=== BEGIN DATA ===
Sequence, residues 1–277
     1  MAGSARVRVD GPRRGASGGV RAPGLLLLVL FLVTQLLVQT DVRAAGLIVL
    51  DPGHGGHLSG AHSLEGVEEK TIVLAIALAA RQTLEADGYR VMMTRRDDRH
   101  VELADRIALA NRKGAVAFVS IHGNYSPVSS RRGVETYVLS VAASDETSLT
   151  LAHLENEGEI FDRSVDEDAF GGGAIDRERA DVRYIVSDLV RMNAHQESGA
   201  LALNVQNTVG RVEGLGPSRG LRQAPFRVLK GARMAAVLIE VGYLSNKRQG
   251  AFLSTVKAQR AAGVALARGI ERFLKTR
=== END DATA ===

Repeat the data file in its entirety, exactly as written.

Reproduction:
Sequence, residues 1–277
     1  MAGSARVRVD GPRRGASGGV RAPGLLLLVL FLVTQLLVQT DVRAAGLIVL
    51  DPGHGGHLSG AHSLEGVEEK TIVLAIALAA RQTLEADGYR VMMTRRDDRH
   101  VELADRIALA NRKGAVAFVS IHGNYSPVSS RRGVETYVLS VAASDETSLT
   151  LAHLENEGEI FDRSVDEDAF GGGAIDRERA DVRYIVSDLV RMNAHQESGA
   201  LALNVQNTVG RVEGLGPSRG LRQAPFRVLK GARMAAVLIE VGYLSNKRQG
   251  AFLSTVKAQR AAGVALARGI ERFLKTR